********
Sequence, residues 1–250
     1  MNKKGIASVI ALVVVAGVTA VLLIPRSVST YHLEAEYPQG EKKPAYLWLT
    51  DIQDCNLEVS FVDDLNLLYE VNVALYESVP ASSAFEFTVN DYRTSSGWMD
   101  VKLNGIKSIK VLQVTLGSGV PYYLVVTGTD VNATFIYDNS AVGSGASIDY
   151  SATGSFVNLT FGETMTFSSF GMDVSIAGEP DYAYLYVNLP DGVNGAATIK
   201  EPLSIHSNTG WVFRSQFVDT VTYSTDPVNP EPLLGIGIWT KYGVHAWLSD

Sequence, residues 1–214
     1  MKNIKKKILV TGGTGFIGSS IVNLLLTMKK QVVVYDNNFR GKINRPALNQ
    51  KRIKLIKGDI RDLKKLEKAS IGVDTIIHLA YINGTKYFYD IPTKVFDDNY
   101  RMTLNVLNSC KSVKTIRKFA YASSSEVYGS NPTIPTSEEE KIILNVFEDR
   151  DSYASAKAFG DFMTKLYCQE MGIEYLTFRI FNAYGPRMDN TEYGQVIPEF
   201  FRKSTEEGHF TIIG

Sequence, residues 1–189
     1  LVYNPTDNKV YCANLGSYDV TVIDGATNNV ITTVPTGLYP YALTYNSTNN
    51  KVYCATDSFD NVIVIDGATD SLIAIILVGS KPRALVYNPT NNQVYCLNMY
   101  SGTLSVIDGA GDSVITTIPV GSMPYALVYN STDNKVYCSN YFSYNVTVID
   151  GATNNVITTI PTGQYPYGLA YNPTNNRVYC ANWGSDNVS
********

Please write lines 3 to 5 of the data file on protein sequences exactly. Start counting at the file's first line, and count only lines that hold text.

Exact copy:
    51  DIQDCNLEVS FVDDLNLLYE VNVALYESVP ASSAFEFTVN DYRTSSGWMD
   101  VKLNGIKSIK VLQVTLGSGV PYYLVVTGTD VNATFIYDNS AVGSGASIDY
   151  SATGSFVNLT FGETMTFSSF GMDVSIAGEP DYAYLYVNLP DGVNGAATIK